Trimble’s new UAS targets big survey, geospatial projects

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Holding thumbs that the FAA will come through for them in 2015, Trimble unveils its latest wing.

Sunnyvale, Calif.-based, publicly traded (Nasdaq: TRMB) Trimble, with $2 billion in 2012 revenue, uses positioning technologies – GPS, lasers and optics – to focus on applications requiring position or location, including surveying, construction, agriculture, fleet and asset management, public safety and mapping.

Like the X100 but better 
Just like its predecessor, the Gatewing X100 – the market’s first commercial aerial imaging rover – incorporates mission planning, automatic field image acquisition and fully digital and automated image processing software.

Trimble acquired privately-held Gatewing, a Belgium-based manufacturer of lightweight UAVs for photogrammetry and rapid terrain mapping, in April 2012.

The UX5 carries a Sony NEX-5R mirrorless, 16.1-megapixel camera with a fixed focal-length external lens, which has a surface area nearly nine times that of the Ricoh camera carried on the X100, which was already 1.5 times larger than the biggest on the market at the time.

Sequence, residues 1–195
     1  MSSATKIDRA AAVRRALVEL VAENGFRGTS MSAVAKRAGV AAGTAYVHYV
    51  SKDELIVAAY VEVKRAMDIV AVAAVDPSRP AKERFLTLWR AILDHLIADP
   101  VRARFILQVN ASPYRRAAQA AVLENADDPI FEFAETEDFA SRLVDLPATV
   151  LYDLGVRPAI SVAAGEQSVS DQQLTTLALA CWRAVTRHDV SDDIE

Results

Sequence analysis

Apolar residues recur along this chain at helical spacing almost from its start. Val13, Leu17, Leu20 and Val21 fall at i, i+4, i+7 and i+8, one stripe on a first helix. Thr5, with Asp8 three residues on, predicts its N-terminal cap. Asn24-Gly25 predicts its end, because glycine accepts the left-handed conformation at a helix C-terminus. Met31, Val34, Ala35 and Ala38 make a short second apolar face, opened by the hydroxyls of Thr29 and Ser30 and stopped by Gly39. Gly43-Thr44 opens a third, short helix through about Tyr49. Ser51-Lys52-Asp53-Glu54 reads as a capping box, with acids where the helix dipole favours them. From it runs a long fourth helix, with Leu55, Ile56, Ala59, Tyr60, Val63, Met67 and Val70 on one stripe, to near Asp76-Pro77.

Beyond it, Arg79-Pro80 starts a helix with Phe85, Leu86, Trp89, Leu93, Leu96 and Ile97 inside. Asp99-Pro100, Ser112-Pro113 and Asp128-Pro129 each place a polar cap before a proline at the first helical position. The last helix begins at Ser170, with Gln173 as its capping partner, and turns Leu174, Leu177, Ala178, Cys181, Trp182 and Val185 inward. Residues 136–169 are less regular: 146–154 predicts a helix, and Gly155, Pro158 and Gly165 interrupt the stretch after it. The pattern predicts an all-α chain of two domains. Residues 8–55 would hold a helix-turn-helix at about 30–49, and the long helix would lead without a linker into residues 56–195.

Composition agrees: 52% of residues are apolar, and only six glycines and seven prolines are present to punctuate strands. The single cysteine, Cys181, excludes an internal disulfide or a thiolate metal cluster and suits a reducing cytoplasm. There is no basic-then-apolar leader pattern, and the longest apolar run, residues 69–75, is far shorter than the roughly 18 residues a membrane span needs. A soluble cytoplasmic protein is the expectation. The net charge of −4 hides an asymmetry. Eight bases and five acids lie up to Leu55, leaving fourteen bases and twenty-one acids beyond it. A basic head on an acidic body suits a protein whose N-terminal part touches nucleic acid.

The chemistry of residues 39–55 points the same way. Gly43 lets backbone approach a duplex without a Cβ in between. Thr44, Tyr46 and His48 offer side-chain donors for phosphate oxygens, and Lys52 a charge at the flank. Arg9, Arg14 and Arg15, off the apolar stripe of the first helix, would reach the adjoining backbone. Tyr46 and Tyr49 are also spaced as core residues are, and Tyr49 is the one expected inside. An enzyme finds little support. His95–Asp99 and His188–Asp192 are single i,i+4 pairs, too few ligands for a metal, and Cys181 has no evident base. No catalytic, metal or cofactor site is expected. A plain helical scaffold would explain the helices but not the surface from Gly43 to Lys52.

The large field of view from the camera allows the rover to cover 50-75 percent more area to enhance efficiency and reduce operational costs.

In addition to the increase in flight efficiency, the Trimble UX5 is capable of producing 3D surface deliverables with a ground sampling distance of just about one inch.

UX5 is capable of flights between about 250 and 2,500 above ground level and can be flown in light rain and up to 40 mph winds.

The UX5 airframe is comprised of a carbon frame inside expanded polypropylene with impact-resistant plastics and composite fibers used for the aircraft components, including winglets and belly plate, giving the aircraft the ability to withstand rough landings.

Performance enhancements also include the ability to execute steep landing approaches and thrust reversal for accurate and repeatable landings.

The landing procedure starts about 1,000 feet from the landing location allowing the UX5 to be used for jobs that have site restrictions such as buildings, towers or trees.

UX5 aerial imaging app
The Trimble Access aerial imaging application is field software for planning UAS missions, performing flight checks and monitoring flights.

The imaging app is used to define the project area, avoidance zones, and flight parameters as well as take-off and landing locations. In the field, it is used to perform pre- and post-flight checks and download the flight data and images after landing.

It looks tidier than the other popular flying wing that shares the X5 name. The secret sauce in all of this is the post production tools of course and Trimble are expert in that area.